by Dr. Jay Joyce
Equine dentistry will keep your horse pain-free and living longer. Dentistry must be done periodically, and good dental health is vital to your horse’s overall well-being. Professional veterinary dentistry is a large block in the foundation that contributes to your horse’s increased longevity, long-term comfort, and prolonged athletic performance.
Why Do We Do It? As it is with humans and other mammals, oral health cannot be separated from health of the rest of horse. Years ago, it was not uncommon for people to lose their teeth by their middle age. That changed as we learned more about medicine and health, developed fluoride, healthier lifestyles, and sought regular dental care. The fact is that dental disease is almost entirely preventable in all species. Horses are the same, and they need periodic professional veterinary dental care.
Who Can Do Dentistry? In Virginia, the law states that laymen are allowed to “hand float” only. It is illegal for any layman individual to administer any sedation. And they may neither use motorized equipment nor extract any teeth unless under the direct and immediate supervision of a veterinarian. While a veterinarian may be present sedating your horse for a layman, understand their presence is not an endorsement of the work being performed.
Having your horse seen by a non-veterinarian year-after-year is the same as a person seeing a dental hygienist year-after-year without ever seeing a dentist. The concept of the dental hygienist being your sole dental care provider is inconceivable — but some very caring horse owners do not realize they are doing the same.
How Do I Know It’s Time For A Dental Exam (and not a float)? When a veterinarian performs a thorough general exam on your horse, typically during the Spring and Fall vaccination visits, your horse’s mouth should be checked. The examination results will help the veterinarian determine the proper interval for floating/dentistry for your specific horse. In other words, a dental exam and thoughtful owner interview are the new standard to determine when your horse needs a float– not the calendar. Very similar to the recent changes from “deworming” to “parasite control testing”, we perform these services based on the individual needs of your horse.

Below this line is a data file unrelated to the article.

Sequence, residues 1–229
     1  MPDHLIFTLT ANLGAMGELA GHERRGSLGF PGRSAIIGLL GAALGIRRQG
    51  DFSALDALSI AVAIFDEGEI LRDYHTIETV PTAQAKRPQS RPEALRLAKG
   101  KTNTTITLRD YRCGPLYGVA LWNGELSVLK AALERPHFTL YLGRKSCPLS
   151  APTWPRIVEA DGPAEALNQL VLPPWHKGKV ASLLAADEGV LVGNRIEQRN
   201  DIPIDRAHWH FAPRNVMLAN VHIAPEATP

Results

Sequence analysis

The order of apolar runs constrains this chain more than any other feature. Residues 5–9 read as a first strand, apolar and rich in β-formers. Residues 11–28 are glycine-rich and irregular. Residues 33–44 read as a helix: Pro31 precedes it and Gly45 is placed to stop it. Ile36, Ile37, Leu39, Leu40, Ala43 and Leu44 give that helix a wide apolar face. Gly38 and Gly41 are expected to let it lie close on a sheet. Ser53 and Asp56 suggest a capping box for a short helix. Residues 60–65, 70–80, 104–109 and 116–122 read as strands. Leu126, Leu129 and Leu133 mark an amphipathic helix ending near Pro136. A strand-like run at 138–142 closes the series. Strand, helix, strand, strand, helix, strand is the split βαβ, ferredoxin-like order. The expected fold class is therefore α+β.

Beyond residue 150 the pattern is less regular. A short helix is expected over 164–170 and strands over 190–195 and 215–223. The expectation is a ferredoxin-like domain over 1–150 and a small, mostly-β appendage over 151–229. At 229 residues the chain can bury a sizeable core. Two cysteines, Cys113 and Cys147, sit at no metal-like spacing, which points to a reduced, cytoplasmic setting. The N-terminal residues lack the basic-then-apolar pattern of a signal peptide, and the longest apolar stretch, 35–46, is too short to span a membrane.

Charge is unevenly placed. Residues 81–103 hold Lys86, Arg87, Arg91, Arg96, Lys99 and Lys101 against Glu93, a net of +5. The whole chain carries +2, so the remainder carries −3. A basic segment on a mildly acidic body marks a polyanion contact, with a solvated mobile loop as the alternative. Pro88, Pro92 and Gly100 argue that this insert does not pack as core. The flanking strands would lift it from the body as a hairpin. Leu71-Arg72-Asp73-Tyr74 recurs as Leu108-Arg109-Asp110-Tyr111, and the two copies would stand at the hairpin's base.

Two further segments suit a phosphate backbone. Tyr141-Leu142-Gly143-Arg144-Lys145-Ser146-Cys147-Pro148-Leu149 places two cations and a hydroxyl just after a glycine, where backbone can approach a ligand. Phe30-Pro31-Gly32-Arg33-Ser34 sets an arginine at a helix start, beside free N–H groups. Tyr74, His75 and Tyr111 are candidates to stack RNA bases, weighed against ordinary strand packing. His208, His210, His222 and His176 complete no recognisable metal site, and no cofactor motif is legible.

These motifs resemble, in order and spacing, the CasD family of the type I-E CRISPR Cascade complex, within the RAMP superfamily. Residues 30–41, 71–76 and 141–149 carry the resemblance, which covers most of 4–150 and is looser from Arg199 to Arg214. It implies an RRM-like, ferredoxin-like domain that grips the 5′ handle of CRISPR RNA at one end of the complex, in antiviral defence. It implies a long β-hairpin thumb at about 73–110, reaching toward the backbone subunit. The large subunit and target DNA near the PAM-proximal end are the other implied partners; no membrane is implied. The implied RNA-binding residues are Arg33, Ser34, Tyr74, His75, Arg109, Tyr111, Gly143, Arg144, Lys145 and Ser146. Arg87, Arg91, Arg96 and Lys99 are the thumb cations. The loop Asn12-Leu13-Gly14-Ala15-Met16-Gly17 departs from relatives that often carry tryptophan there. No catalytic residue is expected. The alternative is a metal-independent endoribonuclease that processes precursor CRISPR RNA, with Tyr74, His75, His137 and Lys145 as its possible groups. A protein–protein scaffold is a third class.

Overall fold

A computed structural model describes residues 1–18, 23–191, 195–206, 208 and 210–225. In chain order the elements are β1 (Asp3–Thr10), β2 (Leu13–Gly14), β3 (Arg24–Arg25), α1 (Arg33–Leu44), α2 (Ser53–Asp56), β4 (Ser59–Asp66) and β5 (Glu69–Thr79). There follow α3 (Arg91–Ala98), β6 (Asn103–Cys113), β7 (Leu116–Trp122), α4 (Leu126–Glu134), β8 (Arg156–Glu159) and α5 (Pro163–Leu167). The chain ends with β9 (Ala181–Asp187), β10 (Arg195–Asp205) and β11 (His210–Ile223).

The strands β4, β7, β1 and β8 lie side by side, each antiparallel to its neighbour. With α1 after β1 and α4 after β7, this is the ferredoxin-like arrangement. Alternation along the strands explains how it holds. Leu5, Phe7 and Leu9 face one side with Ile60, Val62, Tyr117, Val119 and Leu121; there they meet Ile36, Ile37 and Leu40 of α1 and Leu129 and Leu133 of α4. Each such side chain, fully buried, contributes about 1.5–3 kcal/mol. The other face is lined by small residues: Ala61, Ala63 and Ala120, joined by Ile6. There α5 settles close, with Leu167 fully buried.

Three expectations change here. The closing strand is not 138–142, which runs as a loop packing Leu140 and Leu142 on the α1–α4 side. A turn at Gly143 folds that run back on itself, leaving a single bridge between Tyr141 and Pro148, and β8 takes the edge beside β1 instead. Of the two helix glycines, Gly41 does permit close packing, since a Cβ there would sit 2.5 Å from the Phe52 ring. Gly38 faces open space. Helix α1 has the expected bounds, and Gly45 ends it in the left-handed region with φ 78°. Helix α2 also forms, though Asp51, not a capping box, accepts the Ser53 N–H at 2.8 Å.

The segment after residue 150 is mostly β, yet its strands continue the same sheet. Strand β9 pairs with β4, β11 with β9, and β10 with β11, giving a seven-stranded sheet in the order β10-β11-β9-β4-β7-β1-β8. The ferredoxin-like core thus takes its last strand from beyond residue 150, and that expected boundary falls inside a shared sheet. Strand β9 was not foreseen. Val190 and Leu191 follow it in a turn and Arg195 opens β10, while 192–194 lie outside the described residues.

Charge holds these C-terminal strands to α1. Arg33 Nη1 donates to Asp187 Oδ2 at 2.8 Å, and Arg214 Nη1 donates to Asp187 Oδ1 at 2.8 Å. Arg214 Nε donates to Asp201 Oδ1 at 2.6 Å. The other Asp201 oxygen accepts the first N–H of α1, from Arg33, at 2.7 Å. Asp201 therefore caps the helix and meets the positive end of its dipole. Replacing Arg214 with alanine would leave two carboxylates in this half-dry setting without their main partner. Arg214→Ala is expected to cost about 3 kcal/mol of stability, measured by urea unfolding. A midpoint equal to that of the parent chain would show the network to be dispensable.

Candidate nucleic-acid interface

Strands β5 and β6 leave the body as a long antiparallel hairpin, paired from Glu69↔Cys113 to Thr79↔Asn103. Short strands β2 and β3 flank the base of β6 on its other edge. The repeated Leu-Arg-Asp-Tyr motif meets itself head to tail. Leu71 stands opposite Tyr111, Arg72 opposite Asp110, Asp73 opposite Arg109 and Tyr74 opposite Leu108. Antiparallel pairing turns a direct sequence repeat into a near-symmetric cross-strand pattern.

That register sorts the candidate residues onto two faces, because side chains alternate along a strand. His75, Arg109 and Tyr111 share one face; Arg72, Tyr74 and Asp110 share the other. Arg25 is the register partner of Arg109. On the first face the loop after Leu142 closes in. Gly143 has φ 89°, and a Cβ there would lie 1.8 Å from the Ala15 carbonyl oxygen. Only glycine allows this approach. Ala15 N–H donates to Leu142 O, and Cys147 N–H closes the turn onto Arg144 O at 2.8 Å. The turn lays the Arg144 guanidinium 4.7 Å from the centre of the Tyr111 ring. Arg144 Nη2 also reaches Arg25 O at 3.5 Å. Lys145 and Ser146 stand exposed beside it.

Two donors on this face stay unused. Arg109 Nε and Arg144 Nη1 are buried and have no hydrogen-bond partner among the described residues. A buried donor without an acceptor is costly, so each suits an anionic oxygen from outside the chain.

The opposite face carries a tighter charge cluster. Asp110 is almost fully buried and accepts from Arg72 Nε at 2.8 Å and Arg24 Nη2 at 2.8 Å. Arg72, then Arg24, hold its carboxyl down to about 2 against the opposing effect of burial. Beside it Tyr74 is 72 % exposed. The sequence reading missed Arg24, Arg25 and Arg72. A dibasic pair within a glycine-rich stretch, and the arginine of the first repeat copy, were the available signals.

Signs that indicate your horse needs veterinary dental attention:
• Trouble maintaining weight
• Eats slowly or not eating
• Drops feed and/or dropping hay/grass balls
• Turns head to chew
• Undigested food or hay in manure
• Colic or Choke
• Fussy on the bit, fighting or resisting the bit
• Head shaking
• Misbehaving or underperforming
• No rider control
Remember that you must also have the exam. Just because your horse doesn’t exhibit these signs, doesn’t mean that your horse is without dental needs. Some dental disease is slow to show signs, and once the signs show (like a rotten tooth), it is too late for a less invasive intervention. And early intervention is what you are missing by not having a veterinarian perform or directly oversee your horse’s dental work.
What Happens If I Don’t Do Regular Dentistry? Your horse will not thrive or perform well for long. And maybe not immediately, but your horse will die from complications associated with poor dental care or long-term unqualified dental care. Easily attributable to bad teeth are recurring choke, colic (impactions of middle-aged horse and “down and can’t get up” impactions of older horse), gastric ulcers, weight loss, failure to thrive, and starvation.
It is not acceptable to have an old, thin horse. And there are very few exceptions for horses of any age to be skinny.
What Does Veterinary Dental Care Cost? $150– this “package” usually includes a brief physical exam, oral exam, appropriate sedative and the dental float. At TEVA, there are no extra fees for hooks, ramps, canines, incisors, bit seats — they have always been included at TEVA. We offer discounts for larger groups of horses as well as eliminating the scheduling hassles of arranging for the layman and a sedating vet. We have found that the combined cost of a layman and sedating vet far exceed our $150 bundle fee; and it’s much easier to schedule with just one phone call. And a vet does the work!
You do so many great things for your horse, and you usually go the extra mile to provide the best feed, training and countless comforts for your horse. As one of Northern Virginia’s leading veterinary dentists, I strongly recommend that you consider your horse’s dental care needs and readdress them as needed. Veterinary equine dentistry is changing for the better. We look forward to changing with you.